Understanding Social Norms: A Reference Guide for Policy and Practice


Understanding Social Norms: A Reference Guide for Policy and Practice is a comprehensive exploration of the role social norms play in endemic corruption in fragile states.


We have tried to develop guidance that is relevant to fragile and conflict-affected contexts, building on our own experience in peacebuilding and development and through ongoing discussion and testing with practitioners and researchers working in anti-corruption and governance in in these contexts.  Future publications will offer guidance on data collection and diagnosis of social norms, social norm change strategies and monitoring and evaluation frameworks.

Be in touch!

Are you working on social norms that catalyze corrupt patterns of behavior?  Be it research or practice, please be in touch.  In the future we will be conveying opportunities to share lessons and practice and we will want to be in touch.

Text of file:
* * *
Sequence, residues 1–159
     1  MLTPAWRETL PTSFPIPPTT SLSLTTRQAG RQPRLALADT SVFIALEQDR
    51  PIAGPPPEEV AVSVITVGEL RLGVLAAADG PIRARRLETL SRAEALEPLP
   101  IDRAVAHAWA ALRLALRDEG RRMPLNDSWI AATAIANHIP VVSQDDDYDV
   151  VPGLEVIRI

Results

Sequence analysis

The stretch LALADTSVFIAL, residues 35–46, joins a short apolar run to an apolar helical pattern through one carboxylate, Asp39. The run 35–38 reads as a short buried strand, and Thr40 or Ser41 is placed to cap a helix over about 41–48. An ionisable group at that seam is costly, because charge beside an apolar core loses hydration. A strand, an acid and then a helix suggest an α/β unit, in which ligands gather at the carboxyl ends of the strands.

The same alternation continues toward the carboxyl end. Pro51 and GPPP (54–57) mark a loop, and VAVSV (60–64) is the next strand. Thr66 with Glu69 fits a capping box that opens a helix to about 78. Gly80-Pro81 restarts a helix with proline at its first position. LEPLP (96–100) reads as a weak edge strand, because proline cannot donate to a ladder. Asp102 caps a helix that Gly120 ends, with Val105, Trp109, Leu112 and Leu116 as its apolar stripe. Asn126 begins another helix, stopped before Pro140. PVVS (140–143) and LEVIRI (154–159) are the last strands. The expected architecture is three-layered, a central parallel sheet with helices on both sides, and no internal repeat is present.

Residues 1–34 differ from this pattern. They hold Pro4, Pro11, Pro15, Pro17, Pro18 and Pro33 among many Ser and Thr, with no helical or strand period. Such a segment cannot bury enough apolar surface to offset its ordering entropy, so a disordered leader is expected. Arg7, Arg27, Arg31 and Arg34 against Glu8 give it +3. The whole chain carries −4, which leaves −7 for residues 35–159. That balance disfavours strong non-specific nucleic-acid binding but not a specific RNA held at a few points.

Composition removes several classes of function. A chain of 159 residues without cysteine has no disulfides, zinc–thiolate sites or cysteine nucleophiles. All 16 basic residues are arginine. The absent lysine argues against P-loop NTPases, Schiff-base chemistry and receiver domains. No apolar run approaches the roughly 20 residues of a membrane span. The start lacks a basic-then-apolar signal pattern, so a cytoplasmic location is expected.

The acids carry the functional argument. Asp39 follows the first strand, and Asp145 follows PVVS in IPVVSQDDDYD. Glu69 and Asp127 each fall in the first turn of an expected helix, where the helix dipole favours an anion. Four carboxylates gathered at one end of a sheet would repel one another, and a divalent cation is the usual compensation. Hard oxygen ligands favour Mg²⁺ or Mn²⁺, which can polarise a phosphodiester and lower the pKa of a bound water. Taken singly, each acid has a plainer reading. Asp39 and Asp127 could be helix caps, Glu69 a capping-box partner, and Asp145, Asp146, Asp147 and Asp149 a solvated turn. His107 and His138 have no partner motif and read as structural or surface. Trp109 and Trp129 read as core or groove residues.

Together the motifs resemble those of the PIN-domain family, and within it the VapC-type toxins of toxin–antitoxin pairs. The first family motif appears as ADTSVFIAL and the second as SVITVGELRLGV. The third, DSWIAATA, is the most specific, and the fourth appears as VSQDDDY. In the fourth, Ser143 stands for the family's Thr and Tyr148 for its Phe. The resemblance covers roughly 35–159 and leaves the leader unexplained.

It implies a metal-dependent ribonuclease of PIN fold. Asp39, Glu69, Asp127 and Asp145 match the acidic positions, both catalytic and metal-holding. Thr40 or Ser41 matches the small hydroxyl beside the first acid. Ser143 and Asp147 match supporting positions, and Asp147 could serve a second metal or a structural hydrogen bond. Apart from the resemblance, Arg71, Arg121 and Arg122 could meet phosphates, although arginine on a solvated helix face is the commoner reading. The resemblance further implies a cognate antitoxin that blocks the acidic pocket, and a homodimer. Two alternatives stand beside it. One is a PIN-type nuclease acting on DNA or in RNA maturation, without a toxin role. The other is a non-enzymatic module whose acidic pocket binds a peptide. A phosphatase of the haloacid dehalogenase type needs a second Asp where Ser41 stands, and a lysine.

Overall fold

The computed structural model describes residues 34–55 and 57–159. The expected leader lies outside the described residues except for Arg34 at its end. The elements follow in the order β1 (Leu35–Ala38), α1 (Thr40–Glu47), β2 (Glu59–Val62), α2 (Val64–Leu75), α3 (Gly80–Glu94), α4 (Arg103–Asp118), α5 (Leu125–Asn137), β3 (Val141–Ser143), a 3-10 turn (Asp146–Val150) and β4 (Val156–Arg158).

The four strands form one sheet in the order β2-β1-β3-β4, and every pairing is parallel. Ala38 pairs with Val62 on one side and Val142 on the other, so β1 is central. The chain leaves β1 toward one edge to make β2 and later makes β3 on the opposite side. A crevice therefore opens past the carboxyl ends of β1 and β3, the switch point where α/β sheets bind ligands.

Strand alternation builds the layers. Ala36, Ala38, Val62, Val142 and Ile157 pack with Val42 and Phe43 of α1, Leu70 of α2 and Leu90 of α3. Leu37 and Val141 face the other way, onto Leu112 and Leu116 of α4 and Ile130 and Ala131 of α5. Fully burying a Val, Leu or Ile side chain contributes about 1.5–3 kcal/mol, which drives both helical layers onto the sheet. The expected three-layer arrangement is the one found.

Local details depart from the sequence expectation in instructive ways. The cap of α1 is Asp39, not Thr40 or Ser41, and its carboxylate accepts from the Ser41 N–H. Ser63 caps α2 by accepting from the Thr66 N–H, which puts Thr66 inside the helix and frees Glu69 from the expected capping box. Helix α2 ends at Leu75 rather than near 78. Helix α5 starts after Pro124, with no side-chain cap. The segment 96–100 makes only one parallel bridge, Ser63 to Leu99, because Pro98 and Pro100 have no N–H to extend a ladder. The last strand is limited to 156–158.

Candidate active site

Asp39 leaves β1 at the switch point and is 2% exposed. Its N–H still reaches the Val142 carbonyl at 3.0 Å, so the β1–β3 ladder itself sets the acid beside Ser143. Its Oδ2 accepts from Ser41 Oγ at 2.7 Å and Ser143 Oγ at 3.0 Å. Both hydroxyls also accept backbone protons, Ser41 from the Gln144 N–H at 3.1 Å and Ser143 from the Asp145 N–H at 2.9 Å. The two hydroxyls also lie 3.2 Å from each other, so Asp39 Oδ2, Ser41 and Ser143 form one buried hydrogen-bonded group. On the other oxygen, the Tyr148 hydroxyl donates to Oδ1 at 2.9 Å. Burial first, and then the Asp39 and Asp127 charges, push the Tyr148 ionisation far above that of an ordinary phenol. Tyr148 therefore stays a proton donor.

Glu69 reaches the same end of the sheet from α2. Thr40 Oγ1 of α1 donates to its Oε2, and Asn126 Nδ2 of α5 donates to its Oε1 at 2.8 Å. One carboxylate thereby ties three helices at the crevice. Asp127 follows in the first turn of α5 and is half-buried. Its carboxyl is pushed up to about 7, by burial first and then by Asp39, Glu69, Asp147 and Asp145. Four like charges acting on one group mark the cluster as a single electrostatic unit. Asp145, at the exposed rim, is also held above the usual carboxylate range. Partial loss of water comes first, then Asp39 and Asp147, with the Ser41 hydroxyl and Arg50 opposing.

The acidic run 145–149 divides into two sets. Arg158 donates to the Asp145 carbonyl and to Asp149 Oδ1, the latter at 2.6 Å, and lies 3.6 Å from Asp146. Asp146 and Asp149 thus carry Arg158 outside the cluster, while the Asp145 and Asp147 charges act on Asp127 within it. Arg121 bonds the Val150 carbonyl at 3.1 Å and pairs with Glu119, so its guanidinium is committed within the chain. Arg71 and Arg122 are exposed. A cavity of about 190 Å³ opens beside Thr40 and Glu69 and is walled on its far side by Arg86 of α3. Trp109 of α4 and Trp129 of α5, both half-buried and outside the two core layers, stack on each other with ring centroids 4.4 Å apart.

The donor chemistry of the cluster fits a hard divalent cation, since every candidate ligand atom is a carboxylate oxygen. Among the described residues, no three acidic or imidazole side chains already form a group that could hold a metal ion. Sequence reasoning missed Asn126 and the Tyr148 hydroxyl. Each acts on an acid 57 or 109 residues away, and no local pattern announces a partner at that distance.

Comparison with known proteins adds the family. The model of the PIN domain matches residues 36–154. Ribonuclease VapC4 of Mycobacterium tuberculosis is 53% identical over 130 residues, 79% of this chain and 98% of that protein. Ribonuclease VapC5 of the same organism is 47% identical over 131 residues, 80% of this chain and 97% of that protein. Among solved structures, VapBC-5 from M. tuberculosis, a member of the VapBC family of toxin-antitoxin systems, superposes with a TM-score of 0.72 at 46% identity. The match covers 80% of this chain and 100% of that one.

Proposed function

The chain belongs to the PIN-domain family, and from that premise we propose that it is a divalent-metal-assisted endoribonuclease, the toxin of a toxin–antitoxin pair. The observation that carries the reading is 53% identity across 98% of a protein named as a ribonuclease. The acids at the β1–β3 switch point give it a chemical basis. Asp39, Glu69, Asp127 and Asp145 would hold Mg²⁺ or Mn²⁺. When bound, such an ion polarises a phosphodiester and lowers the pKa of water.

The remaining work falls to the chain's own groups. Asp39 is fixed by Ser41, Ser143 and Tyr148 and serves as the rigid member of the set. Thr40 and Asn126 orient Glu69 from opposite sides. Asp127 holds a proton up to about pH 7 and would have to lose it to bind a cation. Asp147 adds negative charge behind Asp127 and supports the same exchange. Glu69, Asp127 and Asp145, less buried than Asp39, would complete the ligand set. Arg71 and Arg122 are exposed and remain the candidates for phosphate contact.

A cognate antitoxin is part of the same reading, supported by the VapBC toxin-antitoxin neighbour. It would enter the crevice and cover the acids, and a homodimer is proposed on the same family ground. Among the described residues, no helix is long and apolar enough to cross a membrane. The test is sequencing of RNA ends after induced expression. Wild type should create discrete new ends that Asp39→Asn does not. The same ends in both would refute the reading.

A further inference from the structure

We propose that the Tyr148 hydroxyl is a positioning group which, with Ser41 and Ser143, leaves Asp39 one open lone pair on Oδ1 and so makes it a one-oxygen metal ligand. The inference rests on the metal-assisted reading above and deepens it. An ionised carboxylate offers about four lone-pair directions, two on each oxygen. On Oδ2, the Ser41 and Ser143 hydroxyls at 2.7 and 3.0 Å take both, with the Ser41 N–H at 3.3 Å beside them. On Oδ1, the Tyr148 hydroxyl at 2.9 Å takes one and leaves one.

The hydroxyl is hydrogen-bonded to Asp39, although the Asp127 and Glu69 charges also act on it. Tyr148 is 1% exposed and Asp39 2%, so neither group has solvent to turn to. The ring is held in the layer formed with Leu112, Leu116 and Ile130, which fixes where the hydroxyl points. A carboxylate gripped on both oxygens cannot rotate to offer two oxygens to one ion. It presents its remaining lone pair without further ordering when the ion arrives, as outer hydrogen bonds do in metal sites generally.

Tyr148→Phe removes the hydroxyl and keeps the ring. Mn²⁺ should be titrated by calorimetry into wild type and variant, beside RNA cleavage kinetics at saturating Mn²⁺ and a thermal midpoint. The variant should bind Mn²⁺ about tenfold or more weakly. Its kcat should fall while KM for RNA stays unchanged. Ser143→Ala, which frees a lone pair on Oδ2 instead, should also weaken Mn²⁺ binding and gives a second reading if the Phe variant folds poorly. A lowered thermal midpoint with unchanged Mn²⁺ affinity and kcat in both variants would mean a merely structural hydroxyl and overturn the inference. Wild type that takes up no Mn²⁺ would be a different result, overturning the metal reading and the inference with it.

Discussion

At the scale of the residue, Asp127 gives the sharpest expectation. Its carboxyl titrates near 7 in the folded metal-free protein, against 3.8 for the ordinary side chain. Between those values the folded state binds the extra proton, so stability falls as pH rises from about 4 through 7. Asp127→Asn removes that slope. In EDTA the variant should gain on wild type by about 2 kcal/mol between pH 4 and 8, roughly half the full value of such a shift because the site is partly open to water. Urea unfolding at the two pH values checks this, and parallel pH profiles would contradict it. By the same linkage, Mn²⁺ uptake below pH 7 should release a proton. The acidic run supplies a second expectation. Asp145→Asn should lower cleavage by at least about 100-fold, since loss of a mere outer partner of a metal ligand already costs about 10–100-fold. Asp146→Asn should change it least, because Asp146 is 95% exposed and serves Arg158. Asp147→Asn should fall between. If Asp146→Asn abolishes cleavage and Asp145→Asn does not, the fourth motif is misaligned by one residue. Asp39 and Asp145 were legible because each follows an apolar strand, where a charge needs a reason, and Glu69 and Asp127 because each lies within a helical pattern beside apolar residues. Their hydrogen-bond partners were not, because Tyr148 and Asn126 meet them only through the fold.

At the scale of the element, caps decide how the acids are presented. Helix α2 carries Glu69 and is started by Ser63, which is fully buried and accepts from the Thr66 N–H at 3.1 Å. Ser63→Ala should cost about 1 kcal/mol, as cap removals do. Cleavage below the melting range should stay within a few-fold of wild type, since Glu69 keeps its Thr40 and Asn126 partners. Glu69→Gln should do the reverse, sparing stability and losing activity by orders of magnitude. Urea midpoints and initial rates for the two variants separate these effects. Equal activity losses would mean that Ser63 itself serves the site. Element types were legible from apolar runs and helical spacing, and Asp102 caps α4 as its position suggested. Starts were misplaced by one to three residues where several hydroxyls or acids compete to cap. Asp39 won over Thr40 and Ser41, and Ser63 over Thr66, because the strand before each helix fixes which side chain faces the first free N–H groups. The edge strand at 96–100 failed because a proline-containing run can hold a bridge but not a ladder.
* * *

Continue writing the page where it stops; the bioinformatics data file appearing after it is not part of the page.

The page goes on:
About the authors

Cheyanne Scharbatke-Church is Principal at Besa: Catalyzing Strategic Change, a social enterprise committed to catalysing significant change on strategic issues in places experiencing conflict and structural or overt physical violence. She has significant experience working on anti-corruption and state legitimacy in the DRC and Uganda. As a Professor of Practice, she teaches and consults on program design, monitoring, evaluation and learning. Cheyanne is also the Corruption in Fragile States blog series editor.

Diana Chigas, JD, is the Senior International Officer and Associate Provost at Tufts University and a Professor of the Practice of International Negotiation and Conflict Resolution at The Fletcher School of Law and Diplomacy. Diana has worked with governmental and non-governmental organizations on systemic conflict analysis, strategic planning, and reflection and evaluation to improve the impact of peace programming. Diana has over 25 years’ experience as a facilitator and consultant in negotiation and conflict resolution, as well as supporting and evaluating social change programming in conflict-affected countries. Her interest in corruption emerged from her experience supporting peacebuilding programming, where corruption has consistently been a key factor hindering effectiveness and driving conflict.


Related Posts

Leave a Reply

Your email address will not be published. Required fields are marked *

Disclaimer | Non-Discrimination | Privacy | Terms for Creating and Maintaining Sites